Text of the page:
Crate block_grid[][src]

Expand description

A quick, cache-conscious, blocked 2D array.

block-grid gives you a fixed-size 2D array with a blocked / tiled memory representation. This has the sweet benefit of being much more cache-friendly if you’re often accessing nearby coordinates. It also offers a bunch of utility methods and block access. If you don’t care about tiled memory and just want any 2D-grid, see the “Using without Blocks” section below.


The following example offers a tour of basic usage and some features.

use block_grid::{BlockGrid, CoordsIterator, U2};

let data: Vec<_> = (0..(4 * 6)).collect();

// Construct from row-major ordered data
let grid = BlockGrid::<usize, U2>::from_row_major(4, 6, &data)?;

// The 2D grid looks like:
// +-----------------------+
// |  0  1 |  2  3 |  4  5 |
// |  6  7 |  8  9 | 10 11 |
// |-------+-------+-------|
// | 12 13 | 14 15 | 16 17 |
// | 18 19 | 20 21 | 22 23 |
// +-----------------------+

// Indexing
assert_eq!(grid[(1, 3)], 9);

// Access raw array
let first_five = &grid.raw()[..5];
assert_eq!(first_five, &[0, 1, 6, 7, 2]);

// Iterate over blocks, and access the last
let block = grid.block_iter().last().unwrap();
assert_eq!(block[(0, 1)], 17);

// Iterate in row-major order
for (i, &x) in grid.row_major_iter().enumerate() {
    assert_eq!(x, i);

// Iterate in memory order, with coordinates
for ((row, col), &x) in grid.each_iter().coords() {
    assert_eq!(row * 6 + col, x);



The primary type is BlockGrid<T, B>, where T is the stored type and B is a generic parameter that controls the block size (all the U* types below). A view of a 2D block, which is stored as a contiguous piece of memory, is a Block or BlockMut.


Indexing is by a pair of 2D coordinates, Coords, which is simply a tuple (row, column). You can use [(i, j)] or one of the many functions. When indexing elements in a specific Block or BlockMut, the coordinates are relative, meaning it’s the row and column within that block.

Element Coordinates vs. Block Coordinates

Coordinates typically refer to the locations of specific elements, but they can also be used to index entire blocks. When using BlockGrid::block_iter chained by a .coords() call, or the Block::coords method, the returned block coordinates instead refer to the entire block. This means that (i, j) would refer to the i-th row of blocks and then the j-th block in that row. If you want the coordinates of the first (top-left) element in a block, use the Block::starts_at method instead.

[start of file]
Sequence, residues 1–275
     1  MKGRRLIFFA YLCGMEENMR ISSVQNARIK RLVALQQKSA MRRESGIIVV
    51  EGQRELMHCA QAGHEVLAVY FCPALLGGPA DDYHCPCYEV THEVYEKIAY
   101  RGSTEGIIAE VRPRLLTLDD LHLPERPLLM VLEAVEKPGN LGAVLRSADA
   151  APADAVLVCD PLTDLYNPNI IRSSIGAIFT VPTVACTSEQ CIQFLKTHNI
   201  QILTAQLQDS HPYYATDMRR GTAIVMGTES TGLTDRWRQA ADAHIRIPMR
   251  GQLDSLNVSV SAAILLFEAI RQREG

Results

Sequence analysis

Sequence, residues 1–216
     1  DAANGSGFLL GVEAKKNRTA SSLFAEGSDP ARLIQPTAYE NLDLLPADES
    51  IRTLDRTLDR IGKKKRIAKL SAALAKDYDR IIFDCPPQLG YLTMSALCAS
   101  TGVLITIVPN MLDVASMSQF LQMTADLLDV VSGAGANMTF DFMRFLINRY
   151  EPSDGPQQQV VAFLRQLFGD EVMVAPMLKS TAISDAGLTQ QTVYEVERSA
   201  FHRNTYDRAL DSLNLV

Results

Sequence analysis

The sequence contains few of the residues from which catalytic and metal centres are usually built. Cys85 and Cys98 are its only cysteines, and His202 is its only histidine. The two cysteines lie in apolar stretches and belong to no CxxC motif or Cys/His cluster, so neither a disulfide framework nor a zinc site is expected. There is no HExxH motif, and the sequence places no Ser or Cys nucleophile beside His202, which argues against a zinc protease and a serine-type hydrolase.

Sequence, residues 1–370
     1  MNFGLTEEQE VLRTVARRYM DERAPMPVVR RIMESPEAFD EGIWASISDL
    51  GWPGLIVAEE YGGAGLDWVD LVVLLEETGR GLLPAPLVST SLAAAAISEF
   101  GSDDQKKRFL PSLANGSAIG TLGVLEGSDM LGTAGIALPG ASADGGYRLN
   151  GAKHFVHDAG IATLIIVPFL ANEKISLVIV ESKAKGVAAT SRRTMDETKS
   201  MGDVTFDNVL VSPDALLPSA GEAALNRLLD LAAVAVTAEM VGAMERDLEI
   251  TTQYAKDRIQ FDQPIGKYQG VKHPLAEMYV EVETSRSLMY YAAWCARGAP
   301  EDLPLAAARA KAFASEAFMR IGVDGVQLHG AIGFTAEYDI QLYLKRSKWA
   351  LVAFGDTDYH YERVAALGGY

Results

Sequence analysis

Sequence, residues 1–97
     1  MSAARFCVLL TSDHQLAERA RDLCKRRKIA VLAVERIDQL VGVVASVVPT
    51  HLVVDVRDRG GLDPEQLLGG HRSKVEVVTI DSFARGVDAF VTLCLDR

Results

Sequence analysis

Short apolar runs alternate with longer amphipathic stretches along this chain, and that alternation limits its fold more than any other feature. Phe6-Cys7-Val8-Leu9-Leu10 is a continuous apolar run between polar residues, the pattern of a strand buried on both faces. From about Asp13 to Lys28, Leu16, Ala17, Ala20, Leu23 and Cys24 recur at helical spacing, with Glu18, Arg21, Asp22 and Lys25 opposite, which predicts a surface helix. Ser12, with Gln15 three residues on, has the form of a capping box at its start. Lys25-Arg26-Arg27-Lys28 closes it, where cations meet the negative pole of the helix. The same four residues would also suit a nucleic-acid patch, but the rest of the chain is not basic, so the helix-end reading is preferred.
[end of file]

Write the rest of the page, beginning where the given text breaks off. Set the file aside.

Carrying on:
There are multiple ways of iterating over a 2D array. If you simply want to visit each element, use BlockGrid::each_iter. You can alternatively iterate in row-major order using BlockGrid::row_major_iter. Instead of iterating over elements, you can also iterate over entire blocks with BlockGrid::block_iter. For any of these, if you also need coordinates while iterating, you can chain a .coords() call. If you only need a 1D iteration count, then there’s always Iterator::enumerate.

Using without Blocks (Good Ol’ Row-Major)

If you wanna test performance against an non-blocked memory representation, you need both, or you just like the rest of the interface but don’t care about the blocks, we got you. Just use the U1 block size or the handy Grid<T> alias. All the block related methods still exist and are correct, but are just functionally useless.

Optional Features


To use the serde framework, enable the optional serde feature in your Cargo.toml. There is an important subtlety to its usage. Because the block size is generic and compile-time, you have to know B when deserializing. You could write it decide based on the input data, but I think it would lead to a bunch of extra code-gen, so I’ve left it out. It does, however, verify that B is the same value as the one originally used to serialize. If you always know the B value, then this shouldn’t matter at all.


pub use crate::iters::CoordsIterator;


A bunch of custom 2D iterators.


A view of a 2D block contiguous in memory.

A fixed-size 2D array with a blocked memory representation.

A mutable view of a 2D block contiguous in memory.


A type that represents compile time block dimensions.

Type Definitions

Type alias for a 2-tuple of indices, representing 2D coordinates.

Type alias for a typical 2D grid with standard row-major memory.